The Migration Policy Institute has increased their estimate of the number of unauthorized immigrants who may be eligible for temporary relief from the threat of deportation under the new Deferred Action for Childhood Arrivals (DACA) initiative. After taking a look at the more detailed eligibility guidelines released by the Department of Homeland Security on August 3rd, they now think that as many as 1.76 million unauthorized immigrants may be eligible (up from 1.39 million).
The DACA initiative will offer, on a case-by-case basis, a two-year grant of reprieve from deportation as well as work authorization for unauthorized immigrants who were under the age of 31 as of June 15, 2012, who entered the U.S. as children, and who can demonstrate that they meet certain other criteria, which you can read about here.
What changed? Among the list of eligibility requirements first released in June, when the policy was announced, was the requirement that applicants had to have a high school degree or have earned a GED—or be enrolled in school now. Last week, DHS clarified that those under 31 years of age lacking a high school diploma or a GED not currently enrolled in school will also be eligible, as long as they have re-enrolled by the date of their application. MPI estimates that this adds as many as 350,000 unauthorized young adult immigrants (ages 16 and older) without a high school degree or GED to the list of potential beneficiaries of this program, provided they meet the rest of the eligibility requirements.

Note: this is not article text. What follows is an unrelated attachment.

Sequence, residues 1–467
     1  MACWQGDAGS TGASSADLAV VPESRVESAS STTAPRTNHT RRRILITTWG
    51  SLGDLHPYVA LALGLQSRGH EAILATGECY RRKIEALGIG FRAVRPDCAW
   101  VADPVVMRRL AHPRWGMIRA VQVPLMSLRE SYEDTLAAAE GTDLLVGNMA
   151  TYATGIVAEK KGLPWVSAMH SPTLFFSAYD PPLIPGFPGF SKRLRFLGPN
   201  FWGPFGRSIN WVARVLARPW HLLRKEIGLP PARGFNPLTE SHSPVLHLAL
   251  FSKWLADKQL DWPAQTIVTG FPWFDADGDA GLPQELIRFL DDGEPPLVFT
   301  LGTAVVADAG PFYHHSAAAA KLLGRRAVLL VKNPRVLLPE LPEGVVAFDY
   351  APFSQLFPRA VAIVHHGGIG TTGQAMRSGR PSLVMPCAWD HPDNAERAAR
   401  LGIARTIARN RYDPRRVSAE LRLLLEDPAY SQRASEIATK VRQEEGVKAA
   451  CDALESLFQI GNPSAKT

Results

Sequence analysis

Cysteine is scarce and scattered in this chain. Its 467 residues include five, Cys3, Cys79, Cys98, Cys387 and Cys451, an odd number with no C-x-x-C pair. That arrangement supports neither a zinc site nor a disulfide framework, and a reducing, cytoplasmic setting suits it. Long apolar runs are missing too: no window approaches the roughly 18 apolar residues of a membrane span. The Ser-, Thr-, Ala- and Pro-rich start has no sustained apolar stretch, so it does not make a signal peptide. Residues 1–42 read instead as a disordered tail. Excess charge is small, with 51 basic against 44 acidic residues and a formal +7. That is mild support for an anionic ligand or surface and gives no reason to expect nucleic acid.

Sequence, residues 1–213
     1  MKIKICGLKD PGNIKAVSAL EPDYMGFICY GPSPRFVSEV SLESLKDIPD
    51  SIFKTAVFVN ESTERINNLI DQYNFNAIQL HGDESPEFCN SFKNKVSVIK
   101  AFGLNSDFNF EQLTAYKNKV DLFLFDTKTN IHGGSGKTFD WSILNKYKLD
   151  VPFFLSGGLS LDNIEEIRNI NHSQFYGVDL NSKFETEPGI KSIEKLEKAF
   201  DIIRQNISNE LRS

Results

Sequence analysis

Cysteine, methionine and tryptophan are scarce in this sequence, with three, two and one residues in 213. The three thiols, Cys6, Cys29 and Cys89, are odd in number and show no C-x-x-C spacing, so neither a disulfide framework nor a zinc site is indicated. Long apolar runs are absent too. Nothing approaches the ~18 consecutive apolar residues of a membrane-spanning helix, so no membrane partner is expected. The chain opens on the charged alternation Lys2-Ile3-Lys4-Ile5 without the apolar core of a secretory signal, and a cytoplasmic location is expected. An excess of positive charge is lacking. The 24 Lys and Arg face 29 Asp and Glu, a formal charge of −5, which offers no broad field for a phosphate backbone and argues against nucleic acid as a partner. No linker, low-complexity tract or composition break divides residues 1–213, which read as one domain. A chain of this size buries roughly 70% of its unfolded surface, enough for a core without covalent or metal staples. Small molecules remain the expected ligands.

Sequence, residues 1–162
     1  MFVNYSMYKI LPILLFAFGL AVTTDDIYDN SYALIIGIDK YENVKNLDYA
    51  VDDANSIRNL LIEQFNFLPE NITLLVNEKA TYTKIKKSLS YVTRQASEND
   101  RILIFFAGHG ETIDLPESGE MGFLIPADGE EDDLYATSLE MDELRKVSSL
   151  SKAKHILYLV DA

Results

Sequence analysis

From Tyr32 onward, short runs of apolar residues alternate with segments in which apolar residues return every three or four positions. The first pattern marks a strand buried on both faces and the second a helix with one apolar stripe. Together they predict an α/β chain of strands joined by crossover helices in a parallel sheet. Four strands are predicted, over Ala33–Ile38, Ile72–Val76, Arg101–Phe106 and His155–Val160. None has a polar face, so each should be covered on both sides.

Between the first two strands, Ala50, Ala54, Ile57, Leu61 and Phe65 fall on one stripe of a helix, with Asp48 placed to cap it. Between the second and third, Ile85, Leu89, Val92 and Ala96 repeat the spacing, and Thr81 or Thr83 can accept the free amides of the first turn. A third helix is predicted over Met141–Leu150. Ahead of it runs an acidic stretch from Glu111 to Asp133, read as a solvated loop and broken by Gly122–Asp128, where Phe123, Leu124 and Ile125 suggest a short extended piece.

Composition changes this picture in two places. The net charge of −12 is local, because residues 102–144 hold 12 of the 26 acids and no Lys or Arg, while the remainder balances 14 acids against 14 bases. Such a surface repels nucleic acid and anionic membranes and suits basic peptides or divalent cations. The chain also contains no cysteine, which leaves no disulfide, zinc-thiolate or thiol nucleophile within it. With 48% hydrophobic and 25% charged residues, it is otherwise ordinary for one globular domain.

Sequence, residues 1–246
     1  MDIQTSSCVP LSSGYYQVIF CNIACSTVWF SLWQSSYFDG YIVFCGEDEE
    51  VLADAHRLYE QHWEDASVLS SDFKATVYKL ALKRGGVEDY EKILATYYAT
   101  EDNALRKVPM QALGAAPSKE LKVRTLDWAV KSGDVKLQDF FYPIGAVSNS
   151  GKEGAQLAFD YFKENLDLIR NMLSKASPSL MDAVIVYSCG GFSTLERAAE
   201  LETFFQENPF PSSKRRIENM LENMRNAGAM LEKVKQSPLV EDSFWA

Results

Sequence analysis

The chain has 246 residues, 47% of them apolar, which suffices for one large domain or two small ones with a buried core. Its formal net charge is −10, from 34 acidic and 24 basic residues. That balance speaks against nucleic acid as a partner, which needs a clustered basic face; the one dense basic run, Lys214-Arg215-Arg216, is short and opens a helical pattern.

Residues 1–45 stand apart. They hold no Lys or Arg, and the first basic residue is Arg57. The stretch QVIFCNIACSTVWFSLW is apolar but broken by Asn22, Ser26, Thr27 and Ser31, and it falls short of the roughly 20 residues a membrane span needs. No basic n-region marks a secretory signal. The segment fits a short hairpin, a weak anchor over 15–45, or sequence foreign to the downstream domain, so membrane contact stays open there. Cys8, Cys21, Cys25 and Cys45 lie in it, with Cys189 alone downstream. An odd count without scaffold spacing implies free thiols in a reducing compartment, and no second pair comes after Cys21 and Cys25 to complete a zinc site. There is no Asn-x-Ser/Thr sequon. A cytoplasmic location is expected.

It will be interesting to see if this results in an uptick in demand for GED and adult ESL services in the coming months.
UPDATE 8/28/12: While researching a post for D.C. LEARNs today, I read through the DACA guidelines a little more carefully. As noted above, to meet the DACA education requirements, an applicant must have graduated from high school or obtained a GED certificate, or must be “currently in school” on the date of application. The USCIS guidelines published here make it clear that their definition of “school” is fairly broad and includes most kinds of adult education programs. I’m planning to write a separate post about this in the near future.
UPDATE 8/29/12: This article from New America Media (NAM) notes that in Arizona, Proposition 300 bars state-funded schools from offering free GED classes to undocumented immigrants, so meeting the educational requirements of DACA by enrolling in a free GED program will not be an option for those living in that state.
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